Once a calf is born it lives a natural and happy life with the rest of the herd in the fields around Easingwold, under the watchful eye of the White Horse of Kilburn. Annie is the current matriarch of the Thornhill herd, and this placid cow ensures that the youngsters enjoy a happy life on the farm. All of Penny's cattle have names and, although this might seem somewhat strange considering where some will end up, Penny firmly believes that by pampering her friendly cows they will lead contented lives, and produce tasty beef as a result.

Such attention to detail and painstaking care to feed her Dexters only on what cattle would eat naturally means that the risk of infection or illness is kept to an absolute minimum. It is no coincidence that no Dexter anywhere became infected with foot & mouth, nor were there any cases of BSE amongst Britain's Dexter herds. Dexter beef, therefore, can legitimately claim to be pure and untainted. Full traceability through double-tagging is now in place and recent government legislation should ensure that Dexter beef remains clean, pure and disease-free.

The natural cycle of a cow is about nine months, and each year Penny reckons on producing about twenty calves, while Killis Lane Arkwright, or Archie as he is fondly known, also serves other Dexters brought into Thornhill Farm by those wanting his expert services. Of the Thornhill heifers, some are kept for breeding whilst others are sold on. The bull calves are castrated and kept for beef. After about 24 months the average steer has hopefully reached a weight of around 400kg, at which time they will be taken down the road to Tholthorpe, where the next stage in the process takes place.

Coincidentally, there is currently a European Commission Research Project looking into the production of healthier beef. The bureaucrats in Strasburg have finally cottoned on to what beef producers like Penny Hodgson have known for many years, and that is that the consumer wants healthier, tastier beef that is fully traceable. The EU report states, "the research will offer added value to the consumer in terms of a more healthy and wholesome food produced using methods, which are safe and more natural, based on local breeds and feed resources. The producer will also benefit by adapting strategies to produce more healthy and natural beef, which may command a premium in the market." However, it is of some concern as to whether this 'research' will include creating unnatural feedstuffs, or whether it will rely on the most natural of products, grass.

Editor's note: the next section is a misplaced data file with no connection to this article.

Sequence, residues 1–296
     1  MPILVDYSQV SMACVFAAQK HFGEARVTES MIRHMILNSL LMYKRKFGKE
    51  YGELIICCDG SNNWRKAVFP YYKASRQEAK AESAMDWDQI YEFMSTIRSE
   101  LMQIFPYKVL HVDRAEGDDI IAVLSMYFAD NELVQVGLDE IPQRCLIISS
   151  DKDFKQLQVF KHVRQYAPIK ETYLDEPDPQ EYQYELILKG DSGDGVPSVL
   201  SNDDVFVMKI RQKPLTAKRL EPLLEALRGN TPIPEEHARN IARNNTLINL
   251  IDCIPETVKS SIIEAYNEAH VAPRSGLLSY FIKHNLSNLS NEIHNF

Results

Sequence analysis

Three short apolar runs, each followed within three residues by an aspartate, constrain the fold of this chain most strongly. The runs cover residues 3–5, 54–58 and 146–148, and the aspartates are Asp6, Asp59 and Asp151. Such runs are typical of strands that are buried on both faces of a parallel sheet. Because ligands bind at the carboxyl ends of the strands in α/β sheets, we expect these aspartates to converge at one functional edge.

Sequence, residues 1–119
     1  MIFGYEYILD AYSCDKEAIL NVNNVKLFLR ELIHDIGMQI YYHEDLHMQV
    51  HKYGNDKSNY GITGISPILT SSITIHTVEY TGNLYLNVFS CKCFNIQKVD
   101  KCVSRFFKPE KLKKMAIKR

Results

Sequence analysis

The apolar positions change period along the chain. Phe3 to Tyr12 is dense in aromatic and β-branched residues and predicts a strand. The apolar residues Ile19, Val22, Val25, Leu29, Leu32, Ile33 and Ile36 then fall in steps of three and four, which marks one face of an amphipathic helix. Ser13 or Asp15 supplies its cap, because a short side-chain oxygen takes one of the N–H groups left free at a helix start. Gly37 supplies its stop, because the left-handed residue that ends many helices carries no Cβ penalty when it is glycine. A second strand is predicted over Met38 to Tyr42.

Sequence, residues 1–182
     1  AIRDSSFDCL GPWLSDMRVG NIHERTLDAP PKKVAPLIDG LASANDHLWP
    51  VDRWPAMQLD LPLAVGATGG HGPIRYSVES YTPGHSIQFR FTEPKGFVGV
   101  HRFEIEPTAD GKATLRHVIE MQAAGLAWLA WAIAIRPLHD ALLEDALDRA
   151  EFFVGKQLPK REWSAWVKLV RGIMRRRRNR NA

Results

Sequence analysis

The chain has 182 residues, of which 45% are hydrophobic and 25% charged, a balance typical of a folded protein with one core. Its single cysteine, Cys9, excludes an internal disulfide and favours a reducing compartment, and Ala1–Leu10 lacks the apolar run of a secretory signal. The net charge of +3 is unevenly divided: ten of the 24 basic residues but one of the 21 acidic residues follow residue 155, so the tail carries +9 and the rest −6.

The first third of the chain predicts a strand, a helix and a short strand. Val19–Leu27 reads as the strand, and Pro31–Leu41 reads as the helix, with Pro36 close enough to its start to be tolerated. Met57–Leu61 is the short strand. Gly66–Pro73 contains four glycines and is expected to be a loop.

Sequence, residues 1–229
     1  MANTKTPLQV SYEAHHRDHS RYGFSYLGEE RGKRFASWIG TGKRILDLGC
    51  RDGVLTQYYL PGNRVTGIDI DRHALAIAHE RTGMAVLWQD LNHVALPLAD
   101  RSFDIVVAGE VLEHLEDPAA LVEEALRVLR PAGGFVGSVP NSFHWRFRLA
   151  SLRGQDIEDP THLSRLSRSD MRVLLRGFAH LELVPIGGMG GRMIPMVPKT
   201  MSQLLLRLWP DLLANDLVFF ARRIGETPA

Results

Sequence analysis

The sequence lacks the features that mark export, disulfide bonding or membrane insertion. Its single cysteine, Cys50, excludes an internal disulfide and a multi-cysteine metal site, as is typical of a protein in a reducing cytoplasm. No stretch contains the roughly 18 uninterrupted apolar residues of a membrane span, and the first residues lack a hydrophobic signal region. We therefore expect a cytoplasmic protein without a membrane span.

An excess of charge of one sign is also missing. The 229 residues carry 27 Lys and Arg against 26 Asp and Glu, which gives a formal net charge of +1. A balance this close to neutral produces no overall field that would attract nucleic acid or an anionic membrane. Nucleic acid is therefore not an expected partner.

The Dexter is probably the finest breed of cattle for conservation areas, and is a very thrifty breed, capable of producing top quality beef from a variety of marginal habitats, meaning there is less poaching of land.

Dexters produce traditionally reared beef that is fine-grained and marbled, and as such is much sought after by the discerning connoisseur who wants to be sure of natural, wholesome production.

Care in the rearing and finishing of Dexter steers ensures that happy, healthy and hearty animals leaves Penny's pretty farm in Easingwold en route for the dinner table.

Thursday, August 26, 2004

PDCA Business Card

(My unofficial rendition)

Wednesday, August 25, 2004

PDCA Promotional Items

The PDCA brochures were completed just in time for a couple of upcoming Dexter events in other regions. I've been thinking about PDCA promotional items today and I've come up with a couple of ideas. Let me know if you have a promotional idea because the more ideas we throw on the table the more choices we'll have to select the best ones at this time from.

Tuesday, August 24, 2004

Welcome to the PDCA

this is an audio post - click to play

Monday, August 23, 2004

PDCA Brochures

The PDCA brochures have been printed. These will be sent out along with a PDCA membership list to inquiries. We can also distribute the PDCA brochures at regional Dexter events. When I get a copy I'll try to give you a glimpse of what the new PDCA brochure looks like by posting an image here if I can.